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Beatings and Arson Attacks: Is Online Dissidence Becoming Dangerous in Russia?

A Eurasianet partner post from RFE/RL

On the evening of March 31, Aleksandr Markov heard the doorbell and rushed to open the door of his St. Petersburg apartment. But instead of the guest he had been expecting, Markov was surprised to see several strangers on his doorstep.
 
Then came the blow.
 
"I was hit in the eye," he tells RFE/RL. "I found myself in the staircase. Someone pushed me from behind and I fell over. They started kicking me."
 
The assailants fled the scene only after Markov screamed for someone to call the police.
 
The incident is the latest in what appears to be a string of assaults and arson attacks targeting Russians who have openly criticized their government on social-networking sites.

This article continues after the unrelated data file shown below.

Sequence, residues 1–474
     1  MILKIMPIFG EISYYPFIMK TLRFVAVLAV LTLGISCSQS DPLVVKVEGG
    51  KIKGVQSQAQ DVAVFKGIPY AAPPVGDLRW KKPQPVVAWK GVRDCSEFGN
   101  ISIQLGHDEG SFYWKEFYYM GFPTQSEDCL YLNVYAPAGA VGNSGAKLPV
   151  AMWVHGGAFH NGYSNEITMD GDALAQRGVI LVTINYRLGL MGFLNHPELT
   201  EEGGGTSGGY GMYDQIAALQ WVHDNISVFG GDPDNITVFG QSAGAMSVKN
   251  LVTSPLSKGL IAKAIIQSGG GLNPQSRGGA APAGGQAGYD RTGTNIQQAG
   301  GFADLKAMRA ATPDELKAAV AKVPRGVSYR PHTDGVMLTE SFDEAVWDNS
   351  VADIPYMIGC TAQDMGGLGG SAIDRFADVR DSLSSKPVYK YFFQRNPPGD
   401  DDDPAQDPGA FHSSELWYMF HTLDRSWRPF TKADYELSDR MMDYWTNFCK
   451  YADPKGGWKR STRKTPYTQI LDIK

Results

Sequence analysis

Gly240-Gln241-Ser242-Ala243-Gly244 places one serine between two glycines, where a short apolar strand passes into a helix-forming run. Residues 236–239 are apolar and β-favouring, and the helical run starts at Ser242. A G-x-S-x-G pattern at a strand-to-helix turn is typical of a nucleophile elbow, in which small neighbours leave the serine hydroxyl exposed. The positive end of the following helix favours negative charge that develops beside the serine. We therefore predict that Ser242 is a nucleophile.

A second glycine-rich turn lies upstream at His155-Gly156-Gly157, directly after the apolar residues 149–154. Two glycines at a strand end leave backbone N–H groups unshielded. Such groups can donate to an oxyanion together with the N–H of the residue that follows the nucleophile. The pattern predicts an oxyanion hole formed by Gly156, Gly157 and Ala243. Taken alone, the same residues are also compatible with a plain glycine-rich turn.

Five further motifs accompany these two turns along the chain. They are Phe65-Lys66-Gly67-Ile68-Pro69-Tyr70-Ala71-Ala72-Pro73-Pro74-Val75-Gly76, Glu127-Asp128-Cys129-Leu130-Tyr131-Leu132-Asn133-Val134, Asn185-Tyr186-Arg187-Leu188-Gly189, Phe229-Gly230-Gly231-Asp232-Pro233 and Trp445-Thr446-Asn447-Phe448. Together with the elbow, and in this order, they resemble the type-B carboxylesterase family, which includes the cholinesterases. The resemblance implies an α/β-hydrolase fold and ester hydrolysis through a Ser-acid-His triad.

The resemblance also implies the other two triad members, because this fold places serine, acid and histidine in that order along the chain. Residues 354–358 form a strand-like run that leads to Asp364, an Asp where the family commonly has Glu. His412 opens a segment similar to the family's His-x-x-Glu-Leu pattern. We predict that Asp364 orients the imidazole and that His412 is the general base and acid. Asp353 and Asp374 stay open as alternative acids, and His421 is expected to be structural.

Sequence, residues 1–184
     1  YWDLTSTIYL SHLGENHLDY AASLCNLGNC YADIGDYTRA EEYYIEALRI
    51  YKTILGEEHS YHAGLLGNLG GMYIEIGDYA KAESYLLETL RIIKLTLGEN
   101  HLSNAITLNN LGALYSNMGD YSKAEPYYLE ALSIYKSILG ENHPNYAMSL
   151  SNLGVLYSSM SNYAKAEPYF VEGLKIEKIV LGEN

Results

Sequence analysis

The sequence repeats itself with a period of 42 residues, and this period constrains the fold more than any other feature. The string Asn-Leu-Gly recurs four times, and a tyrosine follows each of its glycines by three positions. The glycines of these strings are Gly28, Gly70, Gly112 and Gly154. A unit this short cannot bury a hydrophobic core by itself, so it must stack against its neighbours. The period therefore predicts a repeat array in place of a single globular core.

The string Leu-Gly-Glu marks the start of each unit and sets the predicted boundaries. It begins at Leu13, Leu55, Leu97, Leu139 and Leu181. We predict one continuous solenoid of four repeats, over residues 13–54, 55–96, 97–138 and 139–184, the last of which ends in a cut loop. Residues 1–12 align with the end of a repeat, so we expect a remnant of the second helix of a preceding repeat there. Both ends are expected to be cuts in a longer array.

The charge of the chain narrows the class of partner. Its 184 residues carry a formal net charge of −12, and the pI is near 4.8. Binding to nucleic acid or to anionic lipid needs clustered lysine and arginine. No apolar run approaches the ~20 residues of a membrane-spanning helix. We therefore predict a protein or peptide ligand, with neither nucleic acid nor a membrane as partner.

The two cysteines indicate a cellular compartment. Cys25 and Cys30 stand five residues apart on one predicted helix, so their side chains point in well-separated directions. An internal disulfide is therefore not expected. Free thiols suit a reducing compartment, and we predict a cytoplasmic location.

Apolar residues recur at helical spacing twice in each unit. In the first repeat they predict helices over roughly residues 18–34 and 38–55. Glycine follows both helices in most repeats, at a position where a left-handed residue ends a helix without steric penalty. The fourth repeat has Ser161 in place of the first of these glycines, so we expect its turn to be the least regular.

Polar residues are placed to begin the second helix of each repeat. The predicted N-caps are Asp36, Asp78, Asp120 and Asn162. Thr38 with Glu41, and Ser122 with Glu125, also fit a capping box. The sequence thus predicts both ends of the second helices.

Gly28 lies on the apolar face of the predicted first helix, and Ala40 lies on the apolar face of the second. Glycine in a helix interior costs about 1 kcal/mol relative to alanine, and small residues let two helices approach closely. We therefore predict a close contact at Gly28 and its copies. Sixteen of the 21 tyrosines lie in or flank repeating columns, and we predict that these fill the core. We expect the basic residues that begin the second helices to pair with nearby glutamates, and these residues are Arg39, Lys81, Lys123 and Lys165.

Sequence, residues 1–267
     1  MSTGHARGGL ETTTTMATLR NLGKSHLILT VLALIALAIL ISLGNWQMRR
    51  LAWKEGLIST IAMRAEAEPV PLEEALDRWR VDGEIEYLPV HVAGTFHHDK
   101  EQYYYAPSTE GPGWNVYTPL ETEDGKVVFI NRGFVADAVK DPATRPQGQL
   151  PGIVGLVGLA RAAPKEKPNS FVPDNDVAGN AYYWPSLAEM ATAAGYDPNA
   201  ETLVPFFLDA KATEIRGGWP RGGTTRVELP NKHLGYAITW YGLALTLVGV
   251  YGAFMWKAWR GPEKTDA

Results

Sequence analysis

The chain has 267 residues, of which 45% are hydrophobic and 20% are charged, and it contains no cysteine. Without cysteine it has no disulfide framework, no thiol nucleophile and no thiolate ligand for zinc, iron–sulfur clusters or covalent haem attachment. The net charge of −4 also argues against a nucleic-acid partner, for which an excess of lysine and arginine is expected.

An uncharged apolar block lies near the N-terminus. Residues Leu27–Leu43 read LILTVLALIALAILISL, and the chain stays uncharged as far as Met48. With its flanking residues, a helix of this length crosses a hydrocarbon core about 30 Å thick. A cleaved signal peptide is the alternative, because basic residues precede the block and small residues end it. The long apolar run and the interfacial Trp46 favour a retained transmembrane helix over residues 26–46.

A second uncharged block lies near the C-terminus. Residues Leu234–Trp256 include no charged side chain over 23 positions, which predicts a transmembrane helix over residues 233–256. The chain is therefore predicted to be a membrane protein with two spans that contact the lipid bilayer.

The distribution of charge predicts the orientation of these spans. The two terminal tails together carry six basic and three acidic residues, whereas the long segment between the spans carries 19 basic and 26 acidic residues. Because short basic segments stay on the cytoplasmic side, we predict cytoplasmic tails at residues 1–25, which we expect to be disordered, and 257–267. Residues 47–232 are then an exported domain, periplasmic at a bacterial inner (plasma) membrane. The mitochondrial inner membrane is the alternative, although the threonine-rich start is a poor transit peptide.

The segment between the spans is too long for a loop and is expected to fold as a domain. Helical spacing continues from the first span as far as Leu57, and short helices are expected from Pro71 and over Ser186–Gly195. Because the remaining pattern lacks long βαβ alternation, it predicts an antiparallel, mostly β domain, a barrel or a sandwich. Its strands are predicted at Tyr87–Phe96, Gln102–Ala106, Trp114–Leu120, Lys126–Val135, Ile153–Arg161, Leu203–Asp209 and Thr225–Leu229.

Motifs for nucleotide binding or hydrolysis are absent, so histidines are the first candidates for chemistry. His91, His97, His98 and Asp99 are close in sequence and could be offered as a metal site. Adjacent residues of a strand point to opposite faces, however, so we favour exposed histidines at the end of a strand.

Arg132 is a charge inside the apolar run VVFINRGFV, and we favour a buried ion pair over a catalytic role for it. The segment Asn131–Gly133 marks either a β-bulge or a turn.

Markov co-administers an opposition group called Criminal Authorities on VKontakte, Russia's largest social network. The group has about 14,000 members and openly denounces Kremlin policies, including those pertaining to Ukraine.
 

To read the full story

Copyright (c) 2016. RFE/RL, Inc. Reprinted with the permission of Radio Free Europe/Radio Liberty, 1201 Connecticut Ave., N.W. Washington DC 20036.

A Eurasianet partner post from RFE/RL

Beatings and Arson Attacks: Is Online Dissidence Becoming Dangerous in Russia?

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